Steam Industry have been putting free theatre into the Scoop (the amphitheatre next to London's bulbous City Hall) for the last nine years, but this attempt on the Oresteia is not a great example of what they can do - hampered unfairly by the wet summer we're having, but nonetheless rather lacklustre.
Before going into detail about the production, a caveat: I didn't see the last part of the trilogy. It was just too wet, too windy, too cold, and I wasn't particularly impressed by Steam Industry's production - I imagine it was called off after the heavens opened, shortly after I left, but couldn't say for sure. One of my fellow reviewers here has already commented on the 'madness' of doing outdoor theatre in London, and with plenty of shows already rained off completely or running at a far reduced capacity, it does draw into question the whole idea of attempting outdoor theatre without multiple contingencies in place. In Steam Industry's defence, I can't blame them for the weather - but without heaters, ponchos, marquees or anything in place in case of adverse weather, I'm sorry to say that I was reduced to leaving early.
Also, as mentioned above, what I saw of Steam Industry's show didn't exactly entice me to stay. I don't understand why they decided to recreate the Oresteia by rewriting the existing material - Agamemnon, The Libation Bearers and The Eumenidies are accepted classics, and (to my mind, certainly) don't need reworking.
Instead, the evening opened with The Trojan Horse, a quirky comedy introducing the Trojan War in a child-friendly, modern adaptation. Full of modern slang, comedy songs and puppetry, this was fun and friendly, but necessarily reductive - for time as well as for some of the more gruesome mythical content. The decision to open so cheerily certainly pulled the biggest crowd, with most of the Scoop full of families and school parties - but sat counter to the much more adult Agamemnon that followed. This seemed to be much closer to the original, with Agamemnon returning from the Trojan War to face his wife Clytemnestra, who had been plotting revenge for his murder of their daughter, Iphigenia, to turn the winds in their favour on the outset of the war.
The main problem here is tonal - Steam Industry are clearly trying to satisfy too many different people with the piece, starting off with something child-friendly before delving into the darker and grittier material, but juxtaposing the two together made for uncomfortable watching. The Trojan Horse was just so silly and pleasant that the following Agamemnon became even grimmer than it already is - and drew the performers to really plumb the depths with the latter after bouncing their way through the former. The audiences for each style are completely different and, I suspect, don't overlap much - very few people stuck around for Agamemnon, and I don't think we can just blame that on the weather.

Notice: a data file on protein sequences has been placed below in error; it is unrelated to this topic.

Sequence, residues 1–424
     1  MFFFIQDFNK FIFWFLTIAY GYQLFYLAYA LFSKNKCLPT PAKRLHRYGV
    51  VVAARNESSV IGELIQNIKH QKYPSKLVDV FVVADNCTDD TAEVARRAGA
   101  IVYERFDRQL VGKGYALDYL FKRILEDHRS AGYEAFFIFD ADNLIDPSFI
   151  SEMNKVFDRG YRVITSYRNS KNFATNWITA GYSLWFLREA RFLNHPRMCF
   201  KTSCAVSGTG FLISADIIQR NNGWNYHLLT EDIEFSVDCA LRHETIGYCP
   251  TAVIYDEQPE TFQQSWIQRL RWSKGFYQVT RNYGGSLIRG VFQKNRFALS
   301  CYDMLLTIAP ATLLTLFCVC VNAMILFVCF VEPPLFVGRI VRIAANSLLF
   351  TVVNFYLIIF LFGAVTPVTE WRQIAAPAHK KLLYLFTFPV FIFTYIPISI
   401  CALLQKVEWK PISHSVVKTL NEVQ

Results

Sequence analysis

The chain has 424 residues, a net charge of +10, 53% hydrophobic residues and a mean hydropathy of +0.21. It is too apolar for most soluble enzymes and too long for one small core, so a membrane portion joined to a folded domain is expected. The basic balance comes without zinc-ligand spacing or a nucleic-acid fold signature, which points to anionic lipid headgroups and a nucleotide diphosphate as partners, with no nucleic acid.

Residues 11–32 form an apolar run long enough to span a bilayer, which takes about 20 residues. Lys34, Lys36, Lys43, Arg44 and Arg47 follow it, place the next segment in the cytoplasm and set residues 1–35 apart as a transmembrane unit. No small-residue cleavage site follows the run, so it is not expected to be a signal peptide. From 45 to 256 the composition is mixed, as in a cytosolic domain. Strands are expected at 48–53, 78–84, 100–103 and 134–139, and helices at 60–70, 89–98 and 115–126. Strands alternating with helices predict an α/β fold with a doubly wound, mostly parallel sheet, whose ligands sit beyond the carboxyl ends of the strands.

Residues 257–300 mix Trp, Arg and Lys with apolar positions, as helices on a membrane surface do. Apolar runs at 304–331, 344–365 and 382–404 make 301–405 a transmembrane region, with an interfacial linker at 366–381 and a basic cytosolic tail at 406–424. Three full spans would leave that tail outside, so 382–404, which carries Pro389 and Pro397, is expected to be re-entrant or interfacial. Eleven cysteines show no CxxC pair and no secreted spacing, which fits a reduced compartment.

I'm also not sure why Steam Industry felt the need to make what they were doing quite so silly. Children's entertainment has a long history of juxtaposing the silly with the cruel, going back to the Grimms' fairy tales and further, and by throwing out the dark material in favour of jokes about Argos and owls pooping in people's hair, they may have thrown out the baby with the bathwater. There was also no attempt to fit both pieces into an overall narrative - a comedy performed at Agamemnon's court while his wife waited for him to return home, for example, or something else that would have put the silliness into context.
On the other hand, when there was an opportunity to let loose with Agamemnon, the show didn't exactly impress on its own merit. Greek theatre has a heady history of challenging perceptions and beliefs, retaining its relevance right up to today, but this production felt old-fashioned and formulaic. The design vacillated somewhere between today and ancient times, and nothing seemed to resonate - and performances all edged on overwrought, probably for the reasons stated above. The only performer who really had a chance to shine was Ruth Pickett as Cassandra - excellent effects made her prophecies chilling and haunting, and some excellent physicality from this performer allowed it all to feel very natural - a huge talent in the making, and one to watch. While others had moments to shine as well (notably Nicholas Corre as Sinon in The Trojan Horse), most of the actors seemed to flounder in both productions I saw.
Steam Industry have an excellent reputation, and I can only imagine that their previous work in this remarkable space must have been more impressive, because I certainly didn't see any of it. There were hints of brilliance - the two lovely puppets in The Trojan Horse, a huge horse's head and a rather cute owl, were truly impressive - but much of this project seemed to suffer from the outdoor setting and a general lack of defined focus. Maybe, when this dratted weather clears up, they'll find their way better, but even then the production flaws won't make this something I could honestly recommend.